Detroit Pistons: A-
Memphis Grizzlies: B
Toronto Raptors: C-

Below is the Raptors analysis, read the whole thing here.

Toronto general manager Bryan Colangelo must really, really like Haddadi. That's the immediate reaction to the Raptors sending their starting point guard and a promising young forward in exchange for one of the least productive "max contract" players in the league.

Gay remains the "Exhibit A" counterexample to the argument that LeBron James is all athleticism and zero skill. A freak athlete, Gay scrapes the rafters on dunks, but he's not a reliable shooter, doesn't move the needle defensively and doesn't attack the rim like someone at his level of athleticism.

And at 26, this is pretty much what we're going to get.

Advanced stats are pretty "meh" on Gay. His player efficiency rating this season is a slightly below-average 14.3, but he's being paid like someone rated in the 20s. However, his numbers aren't just lukewarm by the standards of current Memphis VP of Basketball Ops and former ESPN Insider John Hollinger's metrics. Regularized adjusted-plus minus (RAPM) considers Gay to be an average player in the league and ESPN Insider Kevin Pelton's system sees Gay as being worth just 1.2 wins above replacement (WARP) this season, despite playing almost 36.7 minutes per game.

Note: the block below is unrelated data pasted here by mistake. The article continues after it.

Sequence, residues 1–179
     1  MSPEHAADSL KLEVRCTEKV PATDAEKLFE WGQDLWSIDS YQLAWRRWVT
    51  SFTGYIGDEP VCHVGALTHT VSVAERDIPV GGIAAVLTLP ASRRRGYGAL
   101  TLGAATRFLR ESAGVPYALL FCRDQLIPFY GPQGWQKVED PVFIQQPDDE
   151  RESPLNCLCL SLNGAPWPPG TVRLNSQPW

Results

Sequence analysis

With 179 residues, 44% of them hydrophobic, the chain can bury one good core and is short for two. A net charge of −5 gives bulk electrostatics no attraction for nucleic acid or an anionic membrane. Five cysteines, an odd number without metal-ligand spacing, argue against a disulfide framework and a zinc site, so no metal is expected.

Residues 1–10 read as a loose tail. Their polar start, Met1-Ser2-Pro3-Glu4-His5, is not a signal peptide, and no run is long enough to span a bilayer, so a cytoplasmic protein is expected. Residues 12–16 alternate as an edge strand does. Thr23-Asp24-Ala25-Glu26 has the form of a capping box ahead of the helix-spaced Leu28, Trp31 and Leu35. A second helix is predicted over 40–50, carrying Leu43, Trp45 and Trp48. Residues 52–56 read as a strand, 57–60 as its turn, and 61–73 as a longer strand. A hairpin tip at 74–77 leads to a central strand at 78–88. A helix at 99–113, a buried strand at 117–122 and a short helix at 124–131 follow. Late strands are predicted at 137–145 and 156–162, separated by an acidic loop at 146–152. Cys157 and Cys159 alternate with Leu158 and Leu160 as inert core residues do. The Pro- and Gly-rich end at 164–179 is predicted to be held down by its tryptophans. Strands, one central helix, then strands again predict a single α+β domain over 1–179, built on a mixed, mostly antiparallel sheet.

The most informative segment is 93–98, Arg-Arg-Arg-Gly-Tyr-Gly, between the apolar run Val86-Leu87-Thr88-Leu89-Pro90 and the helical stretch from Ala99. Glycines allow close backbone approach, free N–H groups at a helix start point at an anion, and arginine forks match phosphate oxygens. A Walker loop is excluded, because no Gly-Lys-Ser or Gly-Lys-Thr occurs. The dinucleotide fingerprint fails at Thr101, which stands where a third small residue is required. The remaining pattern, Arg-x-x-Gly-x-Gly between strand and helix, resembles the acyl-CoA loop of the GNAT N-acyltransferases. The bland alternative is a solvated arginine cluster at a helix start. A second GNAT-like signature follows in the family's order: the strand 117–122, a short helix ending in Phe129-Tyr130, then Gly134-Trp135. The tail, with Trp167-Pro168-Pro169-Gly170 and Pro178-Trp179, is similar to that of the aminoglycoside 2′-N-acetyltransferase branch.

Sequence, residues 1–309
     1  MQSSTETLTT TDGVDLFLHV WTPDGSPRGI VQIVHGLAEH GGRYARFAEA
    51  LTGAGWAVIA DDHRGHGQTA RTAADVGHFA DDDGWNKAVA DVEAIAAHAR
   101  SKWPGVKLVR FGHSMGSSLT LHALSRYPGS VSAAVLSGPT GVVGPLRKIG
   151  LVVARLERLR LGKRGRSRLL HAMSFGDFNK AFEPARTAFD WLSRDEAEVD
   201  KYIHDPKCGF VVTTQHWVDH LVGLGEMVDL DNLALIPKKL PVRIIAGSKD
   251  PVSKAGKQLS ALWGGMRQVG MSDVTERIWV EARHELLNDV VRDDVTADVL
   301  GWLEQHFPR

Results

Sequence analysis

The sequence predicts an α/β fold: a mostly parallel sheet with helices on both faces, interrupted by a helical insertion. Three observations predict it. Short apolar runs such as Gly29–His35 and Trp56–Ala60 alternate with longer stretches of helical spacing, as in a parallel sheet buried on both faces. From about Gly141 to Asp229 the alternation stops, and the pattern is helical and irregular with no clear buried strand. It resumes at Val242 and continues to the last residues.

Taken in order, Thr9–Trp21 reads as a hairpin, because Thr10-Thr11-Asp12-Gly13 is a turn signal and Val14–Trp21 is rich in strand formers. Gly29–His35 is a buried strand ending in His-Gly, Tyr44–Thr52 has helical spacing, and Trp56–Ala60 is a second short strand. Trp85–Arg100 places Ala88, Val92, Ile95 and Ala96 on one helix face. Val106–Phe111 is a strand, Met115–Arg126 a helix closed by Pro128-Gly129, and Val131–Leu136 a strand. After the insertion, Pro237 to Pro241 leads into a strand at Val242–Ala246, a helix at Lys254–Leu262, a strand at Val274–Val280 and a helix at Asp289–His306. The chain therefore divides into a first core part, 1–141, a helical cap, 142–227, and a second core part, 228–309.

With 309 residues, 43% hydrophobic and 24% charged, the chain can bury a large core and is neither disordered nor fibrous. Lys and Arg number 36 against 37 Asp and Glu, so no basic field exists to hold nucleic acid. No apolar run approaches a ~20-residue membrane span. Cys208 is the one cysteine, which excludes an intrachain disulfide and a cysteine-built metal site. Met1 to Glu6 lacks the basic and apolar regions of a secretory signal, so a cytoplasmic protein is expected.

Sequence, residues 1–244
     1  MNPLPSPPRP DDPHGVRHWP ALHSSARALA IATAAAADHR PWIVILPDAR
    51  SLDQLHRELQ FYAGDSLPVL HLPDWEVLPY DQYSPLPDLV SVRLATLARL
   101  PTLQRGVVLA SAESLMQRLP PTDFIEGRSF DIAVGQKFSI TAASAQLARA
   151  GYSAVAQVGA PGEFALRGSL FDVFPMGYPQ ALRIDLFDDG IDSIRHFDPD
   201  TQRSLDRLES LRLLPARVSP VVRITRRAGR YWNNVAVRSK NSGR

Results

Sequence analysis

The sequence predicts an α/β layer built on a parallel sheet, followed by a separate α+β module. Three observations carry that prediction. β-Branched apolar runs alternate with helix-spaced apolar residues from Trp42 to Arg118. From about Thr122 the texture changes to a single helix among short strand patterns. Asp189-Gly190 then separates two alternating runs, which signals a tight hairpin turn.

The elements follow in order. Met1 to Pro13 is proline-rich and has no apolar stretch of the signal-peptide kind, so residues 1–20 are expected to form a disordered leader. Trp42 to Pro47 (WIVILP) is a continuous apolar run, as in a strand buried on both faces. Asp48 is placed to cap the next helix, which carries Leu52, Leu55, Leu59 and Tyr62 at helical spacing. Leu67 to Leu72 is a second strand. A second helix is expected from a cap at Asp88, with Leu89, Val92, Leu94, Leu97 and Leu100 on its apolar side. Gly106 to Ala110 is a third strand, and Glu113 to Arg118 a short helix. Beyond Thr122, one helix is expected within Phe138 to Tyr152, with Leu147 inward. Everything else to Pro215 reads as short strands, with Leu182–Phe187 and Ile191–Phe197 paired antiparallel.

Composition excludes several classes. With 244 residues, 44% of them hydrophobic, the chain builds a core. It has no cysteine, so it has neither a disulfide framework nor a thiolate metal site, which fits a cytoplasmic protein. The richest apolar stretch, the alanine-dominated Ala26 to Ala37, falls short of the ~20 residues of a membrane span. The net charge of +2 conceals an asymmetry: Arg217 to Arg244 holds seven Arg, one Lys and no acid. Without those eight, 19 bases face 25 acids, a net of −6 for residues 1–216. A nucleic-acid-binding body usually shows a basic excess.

(It's worth pointing out that Davis, whom Colangelo sent to Memphis, has been worth twice as many wins this season -- 2.5 WARP -- than Gay in significantly less playing time.)
From another Insider piece, here's an excerpt:

You can expect the Raptors to remain aggressive on the trade market, if not before next month's deadline then certainly during the summer. With Bargnani, Fields, and Lowry all inked to the kind of cap-clogging middling contracts next season that you like to avoid, and Gay's massive deal now on board, a trade centered around Bargnani might be the only way for Toronto to make any further kind of meaningful change.

It's easy to nitpick on the acquisition of Gay, and it is kind of like putting finishing touches on a painting missing more than a few key strokes. Plus, there are more than a few contracts on Toronto's ledger that have pay-to-performance ratios which are a little & uncomfortable. But if the Raptors want to add impact talent, they've got to take chances. If you're going to roll the dice, you do it on a player with the upside of Rudy Gay.